Jo Clayton's Life Story
(The Short Version)

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Jo's maternal grandmother was a mail-order bride. She married a man in Oklahoma whose first two wives had died in childbirth. Jo's grandparents had two daughters. They left Oklahoma and moved to California a year before the dust bowl, but Jo's grandfather, at 60, was considered too old to run a farm, so he leased his family out as laborers.

One day Jo's mother, Bessie, and her sister went swimming in the river and Bessie's sister drowned. Bessie had to ride back to town with her dead sister in the back of a cart. Bessie resolved that all her children would learn to swim, and they did.

In the '30s, Bessie eloped to Carson City, and Jo was "Born in Modesto, California, February 15, 1939 in a hospital they tore down soon afterward. Named after Jo in Little Women--prenatally predestined to a writing career?" Jo was "Raised on a sandhill that shook whenever the San Andreas Fault hiccuped. Learned the perversity of nature from the cows and a pinto horse called Chief with a propensity for charging through barbwire fences." Jo and her three sisters shared a bedroom, and they told each other bedtime stories. Penn, one of Jo's sisters, said Jo's stories were always the best, full of science fiction and fantasy elements.

Jo's parents promised that all three sisters would go to college and they all did. Jo graduated Summa Cum Laude from the University of Southern California in 1963. After graduation, Jo taught in Bell, California, near Los Angeles. Of teaching, Jo said, "Labored as a teacher in assorted inner cities where my students taught me more than they ever learned from me. Quit after thirteen years only just on the right side of sanity (though I'm not too sure any longer what that side is)."

In 1969, Jo underwent a religious conversion and moved to New Orleans to join the Sisters of Mount Carmel, a Catholic Church teaching order, as a novice nun. Jo left the Sisters of Mount Carmel after three years, before taking final vows as a nun.

While living in New Orleans, Jo supplemented her teacher's income by selling paintings and sketches in Jackson Square. She would talk to children, ask them to describe their pets, then draw pictures of the pets. The children would drag their parents over, and of course the parents bought the pictures of the pets. As her writing became more successful, Jo quit teaching to write full time.

Finally, the risk-factors of New Orleans life got to Jo (she was robbed a couple of times), so she packed up and moved to Portland, Oregon, in 1983. Jo once said of living in Portland: "Currently living in Portland, Oregon, watching the rain fall and the wind blow and writing to support myself and two cats in something resembling reasonable comfort." Jo's companions during her years in Portland were two cats: Owl and Tigerlily, and all of her friends on Genie.

In the summer of 1996, the multiple myeloma finally caught up with Jo. She had been feeling pain in her back, which is a symptom of myeloma, for some time before the event she later called "my fortunate fall." Jo reported to her friends on Genie that she had fallen and was in pain, and then no one heard from her online for several days. This led Deborah Wheeler, a friend who lives in California, to call Mary Rosenblum, who lives in Portland. Mary checked on Jo, and, with the assistance of Jim Fiscus and others, helped Jo get into the hospital when it became clear that she was seriously ill. After Jo was hospitalized, Christy Marx, a longtime friend, offered to take Owl and Tigerlily in and make them part of her Moggy Horde.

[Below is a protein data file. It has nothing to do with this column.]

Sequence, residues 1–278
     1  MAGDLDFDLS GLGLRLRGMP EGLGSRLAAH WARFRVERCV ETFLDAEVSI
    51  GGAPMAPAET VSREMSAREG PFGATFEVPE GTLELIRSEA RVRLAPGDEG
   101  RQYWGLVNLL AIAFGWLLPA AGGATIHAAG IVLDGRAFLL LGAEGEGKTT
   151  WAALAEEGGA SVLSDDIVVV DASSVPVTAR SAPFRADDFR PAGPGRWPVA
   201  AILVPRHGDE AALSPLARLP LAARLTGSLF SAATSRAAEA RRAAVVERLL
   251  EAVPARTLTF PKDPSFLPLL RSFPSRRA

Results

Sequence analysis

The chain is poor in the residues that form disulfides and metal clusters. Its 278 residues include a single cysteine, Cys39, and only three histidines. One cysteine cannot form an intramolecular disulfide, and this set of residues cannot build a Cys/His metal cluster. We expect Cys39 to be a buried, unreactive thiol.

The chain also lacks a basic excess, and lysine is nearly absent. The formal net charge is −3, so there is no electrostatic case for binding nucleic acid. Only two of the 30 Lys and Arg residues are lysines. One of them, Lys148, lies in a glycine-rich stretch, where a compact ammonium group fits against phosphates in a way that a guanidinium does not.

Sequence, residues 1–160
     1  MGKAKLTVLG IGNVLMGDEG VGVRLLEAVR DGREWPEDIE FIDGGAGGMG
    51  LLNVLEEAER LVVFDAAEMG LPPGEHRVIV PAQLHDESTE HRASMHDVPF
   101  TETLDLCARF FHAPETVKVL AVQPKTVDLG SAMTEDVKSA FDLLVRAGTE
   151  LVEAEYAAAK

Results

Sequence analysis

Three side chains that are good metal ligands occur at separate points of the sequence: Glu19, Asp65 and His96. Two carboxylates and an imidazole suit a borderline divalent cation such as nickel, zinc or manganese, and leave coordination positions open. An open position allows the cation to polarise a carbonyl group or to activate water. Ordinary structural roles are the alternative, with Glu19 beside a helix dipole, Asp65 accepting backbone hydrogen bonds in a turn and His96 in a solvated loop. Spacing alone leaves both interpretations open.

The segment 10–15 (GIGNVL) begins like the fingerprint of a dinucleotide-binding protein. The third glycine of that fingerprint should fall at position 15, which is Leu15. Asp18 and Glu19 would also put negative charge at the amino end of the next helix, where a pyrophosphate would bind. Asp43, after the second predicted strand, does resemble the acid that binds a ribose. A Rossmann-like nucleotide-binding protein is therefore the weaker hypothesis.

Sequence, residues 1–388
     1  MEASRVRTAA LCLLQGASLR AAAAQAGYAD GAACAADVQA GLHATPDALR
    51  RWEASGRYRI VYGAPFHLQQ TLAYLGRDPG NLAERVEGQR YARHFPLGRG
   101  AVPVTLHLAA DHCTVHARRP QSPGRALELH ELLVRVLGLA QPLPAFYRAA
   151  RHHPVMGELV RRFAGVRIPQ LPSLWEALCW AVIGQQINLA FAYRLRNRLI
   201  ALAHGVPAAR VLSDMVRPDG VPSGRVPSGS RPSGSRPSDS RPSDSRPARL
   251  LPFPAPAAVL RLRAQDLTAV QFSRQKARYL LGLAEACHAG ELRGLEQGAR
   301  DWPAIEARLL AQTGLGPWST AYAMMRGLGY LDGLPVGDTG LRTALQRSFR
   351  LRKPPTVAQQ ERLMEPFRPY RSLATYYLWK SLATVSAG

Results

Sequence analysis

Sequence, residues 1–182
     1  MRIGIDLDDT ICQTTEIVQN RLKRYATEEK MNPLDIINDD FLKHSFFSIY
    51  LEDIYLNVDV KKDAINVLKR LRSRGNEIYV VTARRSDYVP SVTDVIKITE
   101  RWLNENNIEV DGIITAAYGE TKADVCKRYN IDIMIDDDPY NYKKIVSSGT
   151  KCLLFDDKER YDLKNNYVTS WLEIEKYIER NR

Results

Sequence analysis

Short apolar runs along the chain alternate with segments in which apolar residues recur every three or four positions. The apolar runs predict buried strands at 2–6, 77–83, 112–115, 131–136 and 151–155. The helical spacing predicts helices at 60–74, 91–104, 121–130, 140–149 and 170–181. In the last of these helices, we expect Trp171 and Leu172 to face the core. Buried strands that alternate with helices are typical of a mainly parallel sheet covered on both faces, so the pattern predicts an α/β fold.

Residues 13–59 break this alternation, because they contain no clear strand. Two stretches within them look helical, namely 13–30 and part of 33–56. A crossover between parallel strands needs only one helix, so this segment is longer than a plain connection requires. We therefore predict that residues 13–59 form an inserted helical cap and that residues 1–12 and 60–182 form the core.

During her long struggle with myeloma, Jo was helped by a number of friends: local, national, and international. Jo referred to her fall as "my fortunate fall" because she discovered how many people loved and cared about her, and in some ways the last 19 months of her life were among the best. Elizabeth and Mark Bourne were Jo's medical advocates, and several people in Portland and the Northwest visited Jo on a regular basis, bringing treats and conversation. Jo said, shortly before she died, that the cards, letters, and gifts she received, as well as the visitors, made the last year and a half of her life wonderful. You can read reports by the Bournes about Jo's time in the hospital.

Aside from completing Drum Warning and writing much of the third Drums of Chaos book while she was in the hospital, Jo also taught the staff at Good Samaritan about courage, determination, and grace under difficult circumstances. She was involved in Good Samaratin's gardening program, which helps patients rehabilitate by having them work with plants. Jo's interest in helping the staff implement programs caused Good Samaratin to change some of its patient care practices.

Jo also mobilized the science fiction and fantasy community to raise funds to help writers in similar circumstances, and brought attention to the need for medical coverage for writers. Lack of insurance kept Jo from seeking medical attention when she first started feeling pain.

It is to her credit that Oregon Science Fiction Conventions, Inc., is now working on an information packet for Pacific Northwest writers who need insurance. The Oregon SF Emergency Fund has been re-named The Clayton Memorial Medical Fund in Jo's honor.

Jo was also a mentor to many writers in the SF and Fantasy community. She loved to teach, and mentoring was one way she could continue to teach. Jo was very generous with her time and energy in that regard.

Jo will be missed.

Copyright © 1998-2006, The Estate of Jo Clayton

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